Sharing wellness and motivation for persons living with ALS, MND (Amyotrophic Lateral Sclerosis also known as Lou Gehrig's disease) their caregivers, family and friends! Because - - You CAN be WELL while living with ALS.
The other day a friend complimented me on my positive
attitude and asked how I managed to ‘find the funny’ in everyday things.
My reply? “I don’t go looking for it - - it finds me!
To help you understand, I’ll share a couple of stories from some of my past medical visits to the ALS Clinic. It’s run by a group of
wonderful people who all have the best of intentions towards their patients.
It’s just that… well… Oh, read on.
The first stop is always the weigh-in and I’m in a good
mood right off the bat. Why? Because a little known consequence of having ALS is
that we are encouraged to gain weight! Did you know, research has shown that ALS patients who
are a few pounds overweight can slow the disease progression and live longer than those
who are underweight?
For someone like me, who’s spent most of her life in a
leotard and leggings, being given the freedom to plump up a little was music to
my ears! True, I’m still a healthy eater and don’t go overboard at the buffet
table. But all in all, it sure makes a bowl of chocolate-chip ice cream taste
even better - - knowing it’s under doctor’s orders!
Speaking of doctors, my neurologist is an excellent, compassionate
physician whose specialty is ALS and related conditions. Her days are spent meeting with patient after
patient, listening to their list of symptoms and trying to meet their
expectations of a solution. So, usually when I show up, full of quips and
conveying no problems to speak of, I tend to throw her rhythm off.
“I’ve been feeling really good lately Doctor,” I recently
reported. “These past couple months I’ve felt happy and even find myself
laughing a lot.”
Raising an eyebrow she asks, “Laughing?” Continuing on - - now in
full doctor-mode. “Are you laughing too much or at inappropriate times?”
GULP! - - I knew where she was heading. Bulbar ALS is a serious
condition that can affect some patients; it’s recognized by uncontrolled bouts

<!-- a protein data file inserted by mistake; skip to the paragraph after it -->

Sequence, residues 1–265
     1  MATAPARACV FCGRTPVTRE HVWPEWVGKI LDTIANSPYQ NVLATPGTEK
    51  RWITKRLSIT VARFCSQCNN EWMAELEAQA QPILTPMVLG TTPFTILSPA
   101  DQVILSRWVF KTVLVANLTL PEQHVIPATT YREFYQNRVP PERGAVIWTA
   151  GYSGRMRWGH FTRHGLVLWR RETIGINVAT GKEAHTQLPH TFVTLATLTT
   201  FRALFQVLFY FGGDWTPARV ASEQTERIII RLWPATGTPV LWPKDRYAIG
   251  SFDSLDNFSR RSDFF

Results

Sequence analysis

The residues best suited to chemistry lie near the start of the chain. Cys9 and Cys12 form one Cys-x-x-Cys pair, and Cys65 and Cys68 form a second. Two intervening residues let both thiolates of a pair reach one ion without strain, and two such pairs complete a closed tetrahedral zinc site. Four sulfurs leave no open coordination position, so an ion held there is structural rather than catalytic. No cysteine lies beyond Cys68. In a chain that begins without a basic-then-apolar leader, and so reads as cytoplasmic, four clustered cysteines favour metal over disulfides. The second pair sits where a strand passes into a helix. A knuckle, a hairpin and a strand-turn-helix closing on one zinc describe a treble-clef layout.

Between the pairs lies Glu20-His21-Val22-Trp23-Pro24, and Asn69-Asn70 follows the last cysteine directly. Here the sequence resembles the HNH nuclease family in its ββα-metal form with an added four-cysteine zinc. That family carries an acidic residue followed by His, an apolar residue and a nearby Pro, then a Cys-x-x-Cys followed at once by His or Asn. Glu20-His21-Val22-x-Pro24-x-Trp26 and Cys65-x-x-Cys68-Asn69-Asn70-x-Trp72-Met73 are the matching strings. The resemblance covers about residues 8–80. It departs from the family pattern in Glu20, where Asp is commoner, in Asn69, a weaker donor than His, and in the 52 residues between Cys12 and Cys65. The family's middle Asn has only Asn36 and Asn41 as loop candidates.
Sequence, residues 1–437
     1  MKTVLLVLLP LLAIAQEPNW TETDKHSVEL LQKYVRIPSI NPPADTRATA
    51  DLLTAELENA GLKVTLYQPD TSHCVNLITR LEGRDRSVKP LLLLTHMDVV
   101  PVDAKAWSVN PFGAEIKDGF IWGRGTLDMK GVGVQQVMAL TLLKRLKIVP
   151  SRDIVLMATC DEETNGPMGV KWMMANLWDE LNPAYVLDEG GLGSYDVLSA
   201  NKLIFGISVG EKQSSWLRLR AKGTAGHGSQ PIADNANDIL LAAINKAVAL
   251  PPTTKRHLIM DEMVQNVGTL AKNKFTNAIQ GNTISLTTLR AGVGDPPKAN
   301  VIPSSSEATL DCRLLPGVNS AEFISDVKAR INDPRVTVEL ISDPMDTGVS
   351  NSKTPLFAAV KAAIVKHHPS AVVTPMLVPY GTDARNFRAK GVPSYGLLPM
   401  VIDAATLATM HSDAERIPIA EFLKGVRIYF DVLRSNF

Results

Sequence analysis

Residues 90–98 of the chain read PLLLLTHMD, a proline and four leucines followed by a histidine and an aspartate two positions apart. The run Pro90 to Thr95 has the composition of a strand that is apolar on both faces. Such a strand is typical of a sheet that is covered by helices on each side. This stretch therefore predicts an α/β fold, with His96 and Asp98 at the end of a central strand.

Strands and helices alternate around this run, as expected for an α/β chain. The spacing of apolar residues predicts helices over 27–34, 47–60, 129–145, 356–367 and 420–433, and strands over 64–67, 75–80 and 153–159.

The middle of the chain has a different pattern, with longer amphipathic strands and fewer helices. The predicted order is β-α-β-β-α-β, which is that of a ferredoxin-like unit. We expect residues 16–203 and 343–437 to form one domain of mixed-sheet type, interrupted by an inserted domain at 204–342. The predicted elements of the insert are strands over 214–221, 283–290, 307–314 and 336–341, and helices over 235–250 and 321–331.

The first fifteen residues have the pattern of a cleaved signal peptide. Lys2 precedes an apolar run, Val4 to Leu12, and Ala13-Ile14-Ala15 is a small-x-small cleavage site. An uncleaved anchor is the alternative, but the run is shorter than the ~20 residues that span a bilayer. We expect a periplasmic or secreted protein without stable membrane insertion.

of laughter and/or crying plus the inability to control one’s emotions.
I answer carefully, “Well, I do tend to perceive
situations differently now and am able to re-channel how I react. Rather than
getting frustrated and angry…I try to find the humor in Life’s twists and turns and
laugh it off.”
She presses on, “How about crying?”
“No, I don’t cry easily. Unless you count sad movies on
the Hallmark Channel or those awful animal rescue TV commercials; those can
make me tear up. But that’s all appropriate isn’t it? I can always hold it back
when I need to.”
Actually, I’ve found a workable method, especially when the people
around me wouldn't appreciate the fact that they are the ones contributing to
my outburst. I follow the old adage - - to stop a sneeze, think of a purple cow
- - but in my case, I stifle a laugh by thinking of wet farm animals. Yup, wet,
miserable, standing in the rain farm animals; works every time.
Thankfully, the doctor agrees that sad animal TV commercials have
the same affect on her, and I’m OK. But, she
ends our visit with, “If you find you can’t control your laughter anymore, we
Medication? To not laugh so much? The mere thought that something as
fun, healthy and stress-relieving as laughter has an edge and... if, you fall off
I make a mental note to remain calm and in control for the remainder of
the afternoon’s clinic.
Suddenly the Speech Therapist is at the door. Smiling
broadly she enters the exam room with a hearty, “How’s everyone today?” At her
heels are two students-in-training; full of effervescent energy, clip-boards in
hand and exuding happiness.
I always enjoy my sessions with this Speech Therapist. We
found we share a propensity for wearing colorful, crazy socks. So our tradition
is that at the very start of the session, before anything else, we show-off our
socks. Seems her two students have picked up on the sock fetish as well, so in